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Through no fault of its own the road haulage sector is being set up for a Brexit fall of catastrophic proportions - RHA

Through no fault of its own the road haulage sector is being set up for a Brexit fall of catastrophic proportions - RHA

Richard Burnett, Chief Executive | Road Haulage Association

3 min read

Road Haulage Association Chief Executive, Richard Burnett says that his sector is not ready for Brexit, which is potentially only 17 working days away and adds: "If the French are going check both inbound & outbound trucks the timing of the supply chain into the UK will be severely affected."

With only 17 working days left until the UK leaves the European Union, the Road Haulage Association is deeply concerned at the complete and utter lack of clarity that remains with regards to border crossing process to the European mainland and beyond.

It is patently clear that government has lost its way. There are some momentous decisions to be made both in the run up to Brexit and beyond. Yet tens of thousands of UK hauliers responsible for keeping the supply chain between the UK and the rest of Europe are still in the dark. Because of government ineptitude they are simply not ready.

But the Association is keen to point out that this isn’t just about trucks. It’s about the economy and the millions of UK and European businesses that rely on an effective supply chain. Those whose livelihoods depend on a smooth and dependable distribution network will suffer, for example those carrying and those waiting for perishable goods and medicines.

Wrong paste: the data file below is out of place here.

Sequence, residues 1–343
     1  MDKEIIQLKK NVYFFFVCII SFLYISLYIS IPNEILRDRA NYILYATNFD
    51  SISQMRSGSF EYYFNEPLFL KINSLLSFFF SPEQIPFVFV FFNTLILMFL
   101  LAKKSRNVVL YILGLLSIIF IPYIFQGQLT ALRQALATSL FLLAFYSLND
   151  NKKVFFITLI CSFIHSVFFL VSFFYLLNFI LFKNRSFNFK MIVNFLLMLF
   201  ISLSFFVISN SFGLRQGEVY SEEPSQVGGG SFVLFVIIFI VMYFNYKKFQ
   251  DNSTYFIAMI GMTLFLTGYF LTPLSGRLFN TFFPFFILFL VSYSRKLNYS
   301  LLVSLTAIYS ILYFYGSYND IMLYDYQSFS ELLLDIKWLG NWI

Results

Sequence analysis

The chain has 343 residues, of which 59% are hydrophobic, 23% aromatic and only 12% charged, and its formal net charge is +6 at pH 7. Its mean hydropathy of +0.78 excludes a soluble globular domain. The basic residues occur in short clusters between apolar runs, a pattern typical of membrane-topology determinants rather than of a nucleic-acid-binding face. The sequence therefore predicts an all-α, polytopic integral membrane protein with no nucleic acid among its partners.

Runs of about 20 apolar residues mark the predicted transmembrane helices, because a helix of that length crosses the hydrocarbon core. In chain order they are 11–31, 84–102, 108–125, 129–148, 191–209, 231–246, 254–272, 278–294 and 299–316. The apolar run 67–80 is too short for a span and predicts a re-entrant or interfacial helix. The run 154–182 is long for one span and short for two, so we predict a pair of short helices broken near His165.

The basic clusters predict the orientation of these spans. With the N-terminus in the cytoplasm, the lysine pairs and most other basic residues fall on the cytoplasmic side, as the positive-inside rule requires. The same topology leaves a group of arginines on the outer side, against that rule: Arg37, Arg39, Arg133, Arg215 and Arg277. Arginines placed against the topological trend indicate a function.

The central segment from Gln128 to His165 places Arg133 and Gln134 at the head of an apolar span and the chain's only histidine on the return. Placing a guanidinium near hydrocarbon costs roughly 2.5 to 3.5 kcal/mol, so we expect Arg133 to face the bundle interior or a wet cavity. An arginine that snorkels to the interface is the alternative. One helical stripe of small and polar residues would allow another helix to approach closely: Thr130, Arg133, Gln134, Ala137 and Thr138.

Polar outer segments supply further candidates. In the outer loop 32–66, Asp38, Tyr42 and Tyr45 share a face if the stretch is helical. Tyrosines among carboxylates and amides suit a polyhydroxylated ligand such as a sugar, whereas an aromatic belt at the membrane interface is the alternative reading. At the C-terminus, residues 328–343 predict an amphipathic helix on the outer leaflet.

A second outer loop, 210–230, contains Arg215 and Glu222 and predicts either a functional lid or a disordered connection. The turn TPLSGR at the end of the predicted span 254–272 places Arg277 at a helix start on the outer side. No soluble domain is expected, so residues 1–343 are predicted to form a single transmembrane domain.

A good illustration of this is the music industry, worth millions and totally dependent on a smooth-running transport operation. A venue with a capacity of, say 30,000, needs to be booked months or even years in advance. A delay of just six hours in the transport arrangements could easily mean the cancellation of the venue and the knock-on effects such as ticket sales and personnel costs will be disastrous.

A similar example is that of Formula 1 racing. The very nature and success of the sport is based on split second timing. A racing team may need over 20 trucks to transport the cars and technical equipment needed for each race. If only 14 arrive on time then it will be a disaster, and again the jobs of the many thousands of people employed in the sector will be put at risk.

Twelve months ago, transport secretary, Chris Grayling went on record as saying: “We will maintain a free-flowing border at Dover - we will not impose checks in the port. We don't check lorries now - we're not going to be checking lorries in Dover in the future. The only reason we would have queues at the border is if we put in place restrictions that created those queues - we are not going to do that."

This is at odds with the reality of the situation. It’s misleading. If the French are going check both inbound and outbound trucks the timing of the supply chain into the UK will be severely affected.

The whole situation has turned into a farce as is being clearly demonstrated in Calais right now. And, through no fault of its own the industry on which the economies on both sides of the Channel rely so heavily is being set up for a fall of catastrophic proportions.




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